Friday, April 24, 2009

The Nu Band - Lower East Side Blues (Porter Records, 2009)

Formed as a collaborative venture in 2003, The Nu Band consisting of Mark Whitecage on alto saxophone and clarinet, Lou Grassi on drums, Roy Campbell on trumpet and flugelhorn and Joe Fonda on bass explores in a very interesting way the intersection of mainstream and free jazz. It is clear that the musicians have a great respect for the jazz tradition and use that as a springboard for their compositions and improvisations on this album. "Lower East Side Blues" opens the album with a strong and deep performance, with the soloing and ensemble playing marking a fertile and earthy feel. "In a Whitecage/The Path" is a medley featuring a swirling solo by the saxophonist and then a mellow and midtempo collective improvisation. "Connecticut Solution" starts medium-up tempo with a nice drum feel. Campbell's trumpet has an interesting pinched sound on his solo which is well supported by good solid thick sounding bass. Whitcage takes over with a strong but well controlled solo, and there is a nice bass and drums interlude. "The Last of the Beboppers" was the highlight of the album for me, opening with a sweet sounding full band free-bop melody before tart alto saxophone with echoes of Eric Dolphy and Jackie McLean take over. Trumpet supported by deep elastic bass makes tart commentary on the proceedings and a slick drum solo seals a great performance. "Heavenly Ascending" introduces bowed bass and a serious and deep melody. Profound and emotional saxophone and trumpet solos are presented before the return to melody and the shift to free improvisation for the conclusion. "Avanti Galoppi" has a folk-ish theme like the type Albert Ayler used to use before opening to strong collective improvisation. Elastic bass and drums buoy a somber and emotional feel. John Coltrane's "Like Sonny" finishes up the album with a swinging full band performance featuring a nice drum solo. This was a well played and thoroughly enjoyable album of progressive jazz that is quite accessible. The music is both thoughtful and exciting and the musicians involved have a deep sense of the jazz tradition without being beholden to it.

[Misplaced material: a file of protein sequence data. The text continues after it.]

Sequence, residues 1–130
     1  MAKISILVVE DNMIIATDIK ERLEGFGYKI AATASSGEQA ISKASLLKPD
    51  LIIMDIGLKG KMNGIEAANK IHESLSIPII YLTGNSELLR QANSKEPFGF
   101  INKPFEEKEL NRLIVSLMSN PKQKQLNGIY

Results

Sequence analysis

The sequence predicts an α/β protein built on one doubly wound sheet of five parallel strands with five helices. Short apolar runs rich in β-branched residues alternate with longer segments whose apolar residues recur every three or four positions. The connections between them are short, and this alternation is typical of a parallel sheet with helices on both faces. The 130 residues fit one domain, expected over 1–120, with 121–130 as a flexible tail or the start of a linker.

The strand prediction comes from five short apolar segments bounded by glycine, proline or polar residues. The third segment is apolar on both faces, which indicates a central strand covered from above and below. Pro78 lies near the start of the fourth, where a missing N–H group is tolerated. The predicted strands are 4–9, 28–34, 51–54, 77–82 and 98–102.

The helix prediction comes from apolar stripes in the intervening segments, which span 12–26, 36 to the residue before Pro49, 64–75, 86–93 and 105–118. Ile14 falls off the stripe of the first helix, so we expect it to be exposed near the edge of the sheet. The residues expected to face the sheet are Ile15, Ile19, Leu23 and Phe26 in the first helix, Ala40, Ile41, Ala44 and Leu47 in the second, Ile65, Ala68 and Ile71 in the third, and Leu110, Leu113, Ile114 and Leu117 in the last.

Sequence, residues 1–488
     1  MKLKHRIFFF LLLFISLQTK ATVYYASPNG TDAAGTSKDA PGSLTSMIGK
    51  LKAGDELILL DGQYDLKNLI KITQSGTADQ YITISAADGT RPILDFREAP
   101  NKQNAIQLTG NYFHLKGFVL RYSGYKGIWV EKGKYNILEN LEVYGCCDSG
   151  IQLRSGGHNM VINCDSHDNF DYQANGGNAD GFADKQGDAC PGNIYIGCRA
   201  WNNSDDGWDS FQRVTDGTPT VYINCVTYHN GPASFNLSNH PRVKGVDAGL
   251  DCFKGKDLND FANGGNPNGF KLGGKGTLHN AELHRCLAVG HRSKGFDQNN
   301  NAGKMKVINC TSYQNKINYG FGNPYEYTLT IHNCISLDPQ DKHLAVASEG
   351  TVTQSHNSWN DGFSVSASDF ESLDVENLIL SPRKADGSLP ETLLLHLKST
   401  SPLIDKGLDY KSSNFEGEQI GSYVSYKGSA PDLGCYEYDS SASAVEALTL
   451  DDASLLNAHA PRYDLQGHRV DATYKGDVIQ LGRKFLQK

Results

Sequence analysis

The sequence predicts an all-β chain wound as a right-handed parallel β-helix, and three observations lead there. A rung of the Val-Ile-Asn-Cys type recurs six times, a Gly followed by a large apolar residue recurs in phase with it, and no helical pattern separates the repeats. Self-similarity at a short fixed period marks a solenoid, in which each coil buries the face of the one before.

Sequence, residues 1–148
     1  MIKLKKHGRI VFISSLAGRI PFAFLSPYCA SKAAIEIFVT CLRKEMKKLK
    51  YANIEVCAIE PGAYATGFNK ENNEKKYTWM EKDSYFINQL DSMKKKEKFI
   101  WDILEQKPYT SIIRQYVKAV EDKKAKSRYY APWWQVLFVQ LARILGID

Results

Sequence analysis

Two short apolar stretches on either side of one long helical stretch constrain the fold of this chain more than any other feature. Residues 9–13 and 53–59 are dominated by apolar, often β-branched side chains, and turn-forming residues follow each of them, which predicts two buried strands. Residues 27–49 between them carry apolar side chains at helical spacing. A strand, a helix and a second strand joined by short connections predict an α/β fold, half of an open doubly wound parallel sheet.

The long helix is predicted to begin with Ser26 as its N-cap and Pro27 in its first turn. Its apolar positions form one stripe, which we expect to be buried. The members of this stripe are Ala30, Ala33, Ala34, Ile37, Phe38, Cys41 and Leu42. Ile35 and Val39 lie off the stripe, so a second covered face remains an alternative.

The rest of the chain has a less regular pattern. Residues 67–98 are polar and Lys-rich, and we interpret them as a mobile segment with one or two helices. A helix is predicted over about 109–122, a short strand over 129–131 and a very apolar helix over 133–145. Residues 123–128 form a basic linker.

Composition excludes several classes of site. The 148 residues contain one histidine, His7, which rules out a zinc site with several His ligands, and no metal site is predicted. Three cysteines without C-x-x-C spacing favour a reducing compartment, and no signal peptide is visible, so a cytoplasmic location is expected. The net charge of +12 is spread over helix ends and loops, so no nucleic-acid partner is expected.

Lower East Side Blues -

Edit: "Like Sonny" is a Mark Whitecage original, not the John Coltrane composition.

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